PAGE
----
Elmo Freem and his cat Leon are completely unaccustomed to city life and long to return to their country home. Leon the cat even refuses to walk around their apartment, confining himself to the darkness under Elmo's bed. Elmo has at least tried to adjust but with less than satisfying results. One night Leon wakes Elmo and suggests that they return to the country, and the two head for the subway. Neither seem surprised that the subway exit deposits them in the field near their old house. The two soon learn that nothing stays the same, as they meet the new inhabitants of their old home--the Johnsons. The Johnsons are reptiles that resemble a cross between a dinosaur and a crocodile. Although they are charming and welcome Elmo and Leon into their home, a short visit convinces Elmo that it takes more than a house to make a home. This pleasantly droll story is enhanced by full-color paintings reminiscent of Edward Hopper, skillfully juxtaposed with dark, textured pencil drawings. The mixed mediums work very successfully here; Teague's unique perspective is utilized magnificently both in words and pictures to produce a noteworthy first book. Ages 5-8. (Sept.)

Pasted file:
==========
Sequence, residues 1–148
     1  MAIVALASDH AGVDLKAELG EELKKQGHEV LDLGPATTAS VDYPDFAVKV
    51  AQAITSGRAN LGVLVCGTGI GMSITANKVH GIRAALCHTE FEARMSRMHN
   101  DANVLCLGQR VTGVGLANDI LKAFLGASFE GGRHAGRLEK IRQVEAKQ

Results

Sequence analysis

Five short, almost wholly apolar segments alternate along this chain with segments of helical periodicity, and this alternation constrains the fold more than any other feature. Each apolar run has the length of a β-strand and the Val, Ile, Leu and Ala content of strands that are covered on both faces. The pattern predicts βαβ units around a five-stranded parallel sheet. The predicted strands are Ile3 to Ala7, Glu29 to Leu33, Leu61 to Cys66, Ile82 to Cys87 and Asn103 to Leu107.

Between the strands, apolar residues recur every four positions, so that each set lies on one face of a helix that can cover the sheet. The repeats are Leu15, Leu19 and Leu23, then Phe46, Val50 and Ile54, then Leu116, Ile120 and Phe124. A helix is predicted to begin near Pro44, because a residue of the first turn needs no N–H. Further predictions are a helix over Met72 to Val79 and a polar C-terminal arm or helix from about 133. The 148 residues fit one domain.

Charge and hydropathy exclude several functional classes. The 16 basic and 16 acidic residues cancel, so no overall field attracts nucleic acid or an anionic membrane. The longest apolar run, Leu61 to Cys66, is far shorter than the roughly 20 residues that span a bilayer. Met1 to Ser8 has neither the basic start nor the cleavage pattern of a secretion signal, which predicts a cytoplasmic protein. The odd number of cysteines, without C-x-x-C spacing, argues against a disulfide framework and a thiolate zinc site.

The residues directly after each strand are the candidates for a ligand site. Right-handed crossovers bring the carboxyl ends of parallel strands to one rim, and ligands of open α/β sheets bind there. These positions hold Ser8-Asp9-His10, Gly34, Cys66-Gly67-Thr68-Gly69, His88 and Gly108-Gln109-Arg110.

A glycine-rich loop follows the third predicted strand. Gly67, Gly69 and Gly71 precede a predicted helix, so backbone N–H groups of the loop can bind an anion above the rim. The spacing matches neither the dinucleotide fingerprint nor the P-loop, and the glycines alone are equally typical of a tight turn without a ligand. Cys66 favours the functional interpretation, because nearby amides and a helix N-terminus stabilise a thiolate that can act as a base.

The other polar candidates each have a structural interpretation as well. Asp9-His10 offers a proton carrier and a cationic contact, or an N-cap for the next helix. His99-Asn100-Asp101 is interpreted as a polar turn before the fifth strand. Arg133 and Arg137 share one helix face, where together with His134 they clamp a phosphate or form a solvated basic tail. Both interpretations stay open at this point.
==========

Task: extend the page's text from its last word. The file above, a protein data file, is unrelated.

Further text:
School Library Journal
K-Gr 2-- Although Teague is a talented artist, neither his illustrations nor his verbose text makes this story work. The plot's simple enough; when Elmo Freem's family moves to the city, Elmo and his cat get homesick, and return to their old house for a visit. To their surprise, they discover that a family of dinosaurs has moved in. The boy and cat stay for a while, but leave when they eventually miss their family and old way of life. The plot offers plenty of opportunities for humor, but Teague never takes advantage of the inherent silliness in having dinosaurs pass for humans. The text is flat, and the color paintings clash with the alternating black-and-white charcoal sketches, neither of them carrying the story when the plot falls through. The dinosaur family is more of a contrivance than an integral part of the story, as the dinosaurs aren't much different than unusual humans. As it is, readers are left wondering what's the point. The Trouble with the Johnsons is that there doesn't seem to be one. --Cathryn A. Camper, Minneapolis Public Library
Mark Teague is an award-winning children’s book author and illustrator whose books include DEAR MRS. LARUE: LETTERS FROM OBEDIENCE SCHOOL, the 2002 Book Sense Illustrated Book of the Year; DETECTIVE LARUE: LETTERS FROM THE INVESTIGATION; LARUE FOR MAYOR: LETTERS FROM THE CAMPAIGN TRAIL; FUNNY FARM; and PIGSTY. He is also the illustrator of the NEW YORK TIMES bestselling How Do Dinosaurs series by Jane Yolen. Mark lives in Hudson Valley, New York, with his wife and daughters.